Are You Ever too Old to Go to The Rural Fair? — Almonte

Standard

 - Little Lynn McOlll. nlne-year-old nlne-year-old...

Clipped from The Ottawa Journal,  09 Sep 1957, Mon,  Page 31

 

When I was young the country fair meant a lot to me, but as I grew older it seemed to be just an imaginary picture next to the word “uncool” in the dictionary. I forgot how special it was to eat my mother’s homemade egg salad sandwiches sitting under the shade of a tree while watching my Dad buy bottles of cold Orange Crush from a nearby stand.

As a child I always had a smiling face as I walked a cow for the 1 o’clock parade and I can still hear the snorts of the horses pulling decorated wagons behind us. How could I not remember the rides that made me sick or dizzy while listening to the screams of the kids exiting the Fun House?

Saturday it all came back to me as Carolyn and I walked around the Almonte Fair. It was warm and there was no mistaking some of the scents floating through the air. We spoke about the baking contests we had entered as children–hoping to win a coveted prized ribbon. As we glanced at all the entries, we imagined how delicious it would be to sample a few at that particular moment in time.

We walked by the jams and jellies and knew that someone had worked really hard for the perfect batch. One of our favourite handicrafts was a shadowbox with a vintage infant wool coat in it. Glancing at the photo inside, I knew it was once worn by the child and this memory box would now be with them for generations.

 

 - i LlMu 1 MINUTE if V 5 tf- tf- y 1 .-V .-V .-V...

Clipped from The Ottawa Journal,  09 Sep 1957, Mon,  Page 31

 

We watched as Beth spun her hand dyed wool and knew had we lived in the past we too would have been spinning yarn to make wool sweaters for our children. Life was simple then – when no one wanted a brand name–they just wanted something cozy and warm.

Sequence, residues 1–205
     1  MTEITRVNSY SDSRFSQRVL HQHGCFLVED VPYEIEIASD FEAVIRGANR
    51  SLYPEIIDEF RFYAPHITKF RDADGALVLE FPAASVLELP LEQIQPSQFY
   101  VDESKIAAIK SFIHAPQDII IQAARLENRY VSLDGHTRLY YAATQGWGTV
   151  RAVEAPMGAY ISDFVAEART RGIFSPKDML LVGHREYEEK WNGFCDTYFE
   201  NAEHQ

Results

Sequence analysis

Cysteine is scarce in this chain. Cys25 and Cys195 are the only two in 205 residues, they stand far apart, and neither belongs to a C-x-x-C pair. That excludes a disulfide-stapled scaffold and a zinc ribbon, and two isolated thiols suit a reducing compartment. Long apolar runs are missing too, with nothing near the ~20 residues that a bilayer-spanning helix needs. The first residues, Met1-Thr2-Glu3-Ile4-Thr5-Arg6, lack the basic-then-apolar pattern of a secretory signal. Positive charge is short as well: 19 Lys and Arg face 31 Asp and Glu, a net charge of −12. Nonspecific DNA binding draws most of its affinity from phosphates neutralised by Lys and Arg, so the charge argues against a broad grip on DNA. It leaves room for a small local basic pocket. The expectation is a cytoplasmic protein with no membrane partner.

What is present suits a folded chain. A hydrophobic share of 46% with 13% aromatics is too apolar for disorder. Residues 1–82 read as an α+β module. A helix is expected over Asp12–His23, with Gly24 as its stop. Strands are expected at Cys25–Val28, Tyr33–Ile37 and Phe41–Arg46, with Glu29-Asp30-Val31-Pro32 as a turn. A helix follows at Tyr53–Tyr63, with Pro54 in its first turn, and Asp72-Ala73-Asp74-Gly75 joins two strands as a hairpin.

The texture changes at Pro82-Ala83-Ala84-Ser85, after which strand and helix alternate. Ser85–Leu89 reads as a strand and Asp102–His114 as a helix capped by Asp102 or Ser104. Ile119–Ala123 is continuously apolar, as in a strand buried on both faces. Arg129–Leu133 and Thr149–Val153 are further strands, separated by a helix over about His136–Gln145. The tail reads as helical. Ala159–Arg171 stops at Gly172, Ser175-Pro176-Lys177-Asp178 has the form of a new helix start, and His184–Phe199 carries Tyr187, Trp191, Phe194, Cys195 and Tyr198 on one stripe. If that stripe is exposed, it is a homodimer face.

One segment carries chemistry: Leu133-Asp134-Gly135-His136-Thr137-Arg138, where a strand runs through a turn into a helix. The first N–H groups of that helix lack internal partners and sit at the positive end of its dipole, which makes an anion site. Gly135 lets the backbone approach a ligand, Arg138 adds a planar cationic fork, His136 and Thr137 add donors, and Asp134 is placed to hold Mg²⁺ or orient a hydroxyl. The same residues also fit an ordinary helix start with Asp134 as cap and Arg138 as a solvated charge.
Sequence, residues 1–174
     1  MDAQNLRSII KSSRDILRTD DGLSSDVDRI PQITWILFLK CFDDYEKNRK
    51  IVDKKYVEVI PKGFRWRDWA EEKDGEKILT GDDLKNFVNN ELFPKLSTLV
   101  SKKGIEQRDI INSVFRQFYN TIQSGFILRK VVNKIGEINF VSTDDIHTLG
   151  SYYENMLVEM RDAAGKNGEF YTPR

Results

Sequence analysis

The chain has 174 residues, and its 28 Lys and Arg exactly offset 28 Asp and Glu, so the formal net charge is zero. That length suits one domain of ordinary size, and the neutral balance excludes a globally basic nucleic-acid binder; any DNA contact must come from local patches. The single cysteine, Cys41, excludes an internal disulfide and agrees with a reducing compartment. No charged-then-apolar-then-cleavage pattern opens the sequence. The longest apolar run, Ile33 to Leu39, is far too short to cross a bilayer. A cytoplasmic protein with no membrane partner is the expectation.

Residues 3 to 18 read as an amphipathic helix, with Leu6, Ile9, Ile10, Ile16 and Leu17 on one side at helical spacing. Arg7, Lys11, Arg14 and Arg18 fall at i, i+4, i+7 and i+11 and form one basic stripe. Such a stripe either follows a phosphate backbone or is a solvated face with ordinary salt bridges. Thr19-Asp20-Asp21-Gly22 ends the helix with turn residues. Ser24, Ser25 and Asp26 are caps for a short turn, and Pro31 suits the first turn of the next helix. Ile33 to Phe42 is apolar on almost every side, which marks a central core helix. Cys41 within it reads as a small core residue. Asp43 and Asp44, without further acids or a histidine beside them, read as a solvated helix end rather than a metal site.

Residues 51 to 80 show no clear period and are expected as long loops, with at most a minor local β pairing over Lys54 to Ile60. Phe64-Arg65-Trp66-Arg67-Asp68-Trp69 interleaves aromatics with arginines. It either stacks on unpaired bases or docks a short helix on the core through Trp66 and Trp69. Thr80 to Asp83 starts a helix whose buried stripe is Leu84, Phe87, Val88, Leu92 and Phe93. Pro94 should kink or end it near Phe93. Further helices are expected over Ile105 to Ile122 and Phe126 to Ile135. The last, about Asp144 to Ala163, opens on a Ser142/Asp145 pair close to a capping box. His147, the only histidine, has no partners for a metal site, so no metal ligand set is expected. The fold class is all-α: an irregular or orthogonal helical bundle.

I ached to go back to the age of 13 and dance to the sounds of Johnny Rivers coming out of the juke box in one of the tents. After I could dance no more, a hot bag of buttered popcorn was next, and then I would try my luck at one of the games.

If I was lucky I might win a small silver bracelet and they would personally engrave it on the spot. Instead of my name I would have had him etch a boys’ name I had a crush on and giggle while I watched him do it.

I used to watch in awe at those who were brave enough to ride the wild rides. My favourite was the Ferris Wheel; I loved it when they stopped at the top and the chair would swing back and forth. The last few years I have found the Ferris Wheel therapeutic as I find myself closer to heaven and my late sister as I sit at the top. When I finally get up there I feel like she is looking down at me and still shaking her head that I am still too afraid to ride the wild rides.

 

 - -. -. J ' I - i , ; U; - a- a- a , aaar" ' . I...

Clipped from The Ottawa Journal,  09 Sep 1957, Mon,  Page 31

 

Why did I ever stop going to fairs? As I get older I search for memories to cherish and pass on to my sons and their families.  Hopefully one day when I am long gone Carolyn will think back to the afternoon we spent together at the Almonte fair. I am sure she will remember that it was way too hot, the cow barns were very unappealing and I took way too many pictures.  But she will remember the joy on my face and the shared bits of my life that she will pass on to her children. You can’t buy memories like that no matter how hard you try and they will always be a true love of mine.